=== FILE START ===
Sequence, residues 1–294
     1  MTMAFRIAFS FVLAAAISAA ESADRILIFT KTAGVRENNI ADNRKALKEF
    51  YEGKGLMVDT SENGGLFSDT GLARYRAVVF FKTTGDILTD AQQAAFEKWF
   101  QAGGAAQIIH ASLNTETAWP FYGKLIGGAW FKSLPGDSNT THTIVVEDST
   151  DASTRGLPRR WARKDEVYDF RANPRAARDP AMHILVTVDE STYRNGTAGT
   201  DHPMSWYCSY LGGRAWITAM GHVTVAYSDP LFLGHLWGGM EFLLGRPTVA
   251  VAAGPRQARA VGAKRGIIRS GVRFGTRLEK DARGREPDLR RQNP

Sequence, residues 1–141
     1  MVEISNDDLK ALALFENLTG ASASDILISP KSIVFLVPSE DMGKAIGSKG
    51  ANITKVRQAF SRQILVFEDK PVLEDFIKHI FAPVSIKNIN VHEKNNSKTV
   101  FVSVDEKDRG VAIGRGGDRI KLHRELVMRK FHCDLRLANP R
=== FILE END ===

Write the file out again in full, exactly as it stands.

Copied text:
Sequence, residues 1–294
     1  MTMAFRIAFS FVLAAAISAA ESADRILIFT KTAGVRENNI ADNRKALKEF
    51  YEGKGLMVDT SENGGLFSDT GLARYRAVVF FKTTGDILTD AQQAAFEKWF
   101  QAGGAAQIIH ASLNTETAWP FYGKLIGGAW FKSLPGDSNT THTIVVEDST
   151  DASTRGLPRR WARKDEVYDF RANPRAARDP AMHILVTVDE STYRNGTAGT
   201  DHPMSWYCSY LGGRAWITAM GHVTVAYSDP LFLGHLWGGM EFLLGRPTVA
   251  VAAGPRQARA VGAKRGIIRS GVRFGTRLEK DARGREPDLR RQNP

Sequence, residues 1–141
     1  MVEISNDDLK ALALFENLTG ASASDILISP KSIVFLVPSE DMGKAIGSKG
    51  ANITKVRQAF SRQILVFEDK PVLEDFIKHI FAPVSIKNIN VHEKNNSKTV
   101  FVSVDEKDRG VAIGRGGDRI KLHRELVMRK FHCDLRLANP R